“The 25th Annual Putnam County Spelling Bee” is one of those shows that you can see repeatedly because you know never what is going to happen when you have audience volunteers participating in the show. The portrayal of the characters also varies wildly, and Moorpark College’s current production of the show is one of the wildest and funniest you will ever see. We spoke with Ryan Palmer, who plays the role of Vice Principal Douglas Panch, who is the Bee’s official “pronouncer” and found out some inside secrets about how the show is run. Ryan is starting his sophomore year at Moorpark College and is hoping to transfer to either a UC or CSU school for his junior year. He wants to study film, but hasn’t decided in what specific discipline yet – he’s interested in direction, cinematography, editing, writing, and animation.
VCOS: Tell me about your career as a performer in musicals.
RYAN: This is actually the first production I’ve done in over a year, and the first outside of the Thousand Oaks High School Theatre Department. I’ve been in plays and musicals such as You Can’t Take it With You, and The Wind in the Willows, Working, Curtains, and Singin’ in the Rain. My favorite roles include Neil Simon’s Rumors as Ken Gorman, and How to Succeed in Business Without Really Trying as J. B. Biggley.
VCOS: How did you study for Vice Principal Panch?
RYAN: I auditioned for “Spelling Bee” with the goal of playing Douglas Panch. He was a tricky character to find at first, and I didn’t quite decide definitively how to play him until about halfway through the rehearsal process. I try to refrain from watching other productions of the show, whether it be a movie or a YouTube video, in an attempt to create an original, organic character the way I see it. I read the script, and waited to really do anything (including memorizing the lines) until rehearsal started. I like to mess around with the character in ways that I wouldn’t necessarily do on stage. I respect a director’s role in any production, and like to help create an amalgam of both his/her visions of the character as well as my own.
VCOS: So what sort of person is he?
RYAN: Vice Principal Douglas Panch, in my opinion, is the epitome of someone who just has the worst day possible every day. But this day in particular, the one the audience sees, the one when the Spelling Bee takes place, is exceptionally bad for him. I like to imagine that he woke up with a simile on his face, rolled over to his calendar seeing that every previous day was marked off with an “X”, all leading up to this very day, which is circled boldly. He put on his new suit, got his hair cut, and took $25 cash out from the bank with the intention to take Miss Rona Lisa Peretti out to dinner. He wants to return from his “five year hiatus” a changed man, a hero, a role model, and most importantly: a man Rona could fall in love with. It may already be obvious that none of this happens, and actually goes in the opposite direction.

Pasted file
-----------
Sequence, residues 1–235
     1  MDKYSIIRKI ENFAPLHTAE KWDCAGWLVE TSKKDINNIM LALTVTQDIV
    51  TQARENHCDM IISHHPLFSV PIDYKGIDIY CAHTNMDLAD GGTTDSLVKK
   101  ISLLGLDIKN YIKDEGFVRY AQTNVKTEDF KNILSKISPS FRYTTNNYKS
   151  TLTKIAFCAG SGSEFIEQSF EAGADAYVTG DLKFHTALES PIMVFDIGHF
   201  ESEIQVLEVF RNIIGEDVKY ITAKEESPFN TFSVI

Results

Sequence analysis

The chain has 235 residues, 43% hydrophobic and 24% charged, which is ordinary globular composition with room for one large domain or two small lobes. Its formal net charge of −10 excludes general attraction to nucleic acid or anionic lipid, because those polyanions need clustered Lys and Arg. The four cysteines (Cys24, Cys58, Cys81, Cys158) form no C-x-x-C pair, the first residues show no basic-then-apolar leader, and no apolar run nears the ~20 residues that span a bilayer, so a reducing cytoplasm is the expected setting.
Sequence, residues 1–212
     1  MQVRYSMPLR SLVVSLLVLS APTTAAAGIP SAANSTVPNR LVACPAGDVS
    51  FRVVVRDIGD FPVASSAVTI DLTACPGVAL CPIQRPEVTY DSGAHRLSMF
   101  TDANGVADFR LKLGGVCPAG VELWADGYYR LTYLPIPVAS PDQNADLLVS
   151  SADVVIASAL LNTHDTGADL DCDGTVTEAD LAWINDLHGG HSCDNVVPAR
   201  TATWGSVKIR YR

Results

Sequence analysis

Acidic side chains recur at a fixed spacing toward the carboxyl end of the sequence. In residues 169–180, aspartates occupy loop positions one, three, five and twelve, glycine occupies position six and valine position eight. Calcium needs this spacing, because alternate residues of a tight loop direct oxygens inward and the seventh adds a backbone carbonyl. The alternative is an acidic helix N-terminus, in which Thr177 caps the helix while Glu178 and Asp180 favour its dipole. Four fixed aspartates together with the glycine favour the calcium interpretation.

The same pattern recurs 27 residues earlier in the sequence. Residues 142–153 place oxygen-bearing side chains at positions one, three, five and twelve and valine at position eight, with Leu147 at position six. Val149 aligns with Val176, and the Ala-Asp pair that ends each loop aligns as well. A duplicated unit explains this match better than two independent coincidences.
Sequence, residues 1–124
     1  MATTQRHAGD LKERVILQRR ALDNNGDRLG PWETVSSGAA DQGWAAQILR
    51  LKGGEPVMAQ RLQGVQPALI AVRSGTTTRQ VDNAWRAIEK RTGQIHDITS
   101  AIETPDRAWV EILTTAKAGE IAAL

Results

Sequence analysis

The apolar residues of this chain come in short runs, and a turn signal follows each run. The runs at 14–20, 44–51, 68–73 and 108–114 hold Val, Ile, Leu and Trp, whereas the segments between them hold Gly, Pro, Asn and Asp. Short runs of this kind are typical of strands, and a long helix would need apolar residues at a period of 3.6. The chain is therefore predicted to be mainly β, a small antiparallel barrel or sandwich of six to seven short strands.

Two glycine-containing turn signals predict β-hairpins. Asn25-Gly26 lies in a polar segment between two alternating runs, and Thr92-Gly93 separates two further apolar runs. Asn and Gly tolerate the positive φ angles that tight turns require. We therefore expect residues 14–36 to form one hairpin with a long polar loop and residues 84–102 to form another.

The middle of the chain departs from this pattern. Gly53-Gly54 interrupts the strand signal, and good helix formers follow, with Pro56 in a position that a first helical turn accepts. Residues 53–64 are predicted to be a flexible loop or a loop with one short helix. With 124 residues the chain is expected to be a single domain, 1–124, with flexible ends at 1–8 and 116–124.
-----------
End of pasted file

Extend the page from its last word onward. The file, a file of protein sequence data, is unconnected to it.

VCOS: You have one of the more difficult roles in “Spelling Bee” because you have to deal with, in Act I, the volunteer spellers. How do you maintain control?
RYAN: I wouldn’t say I have the most difficult roles, as opposed to maybe a role that has sort of an odd challenge. Every role has its challenges and difficulties, and the role of Panch simply has one of the more out of the ordinary types. Dealing with guest spellers every night offers a nice change and sense of unexpectedness to the show. I have my set of words that I choose in an attempt to get them out in the suggested order; but of course, there is no guarantee of that happening. A well-worked mind in the improvisation side of acting, and the use of more difficult words can help sway the odds in my favor.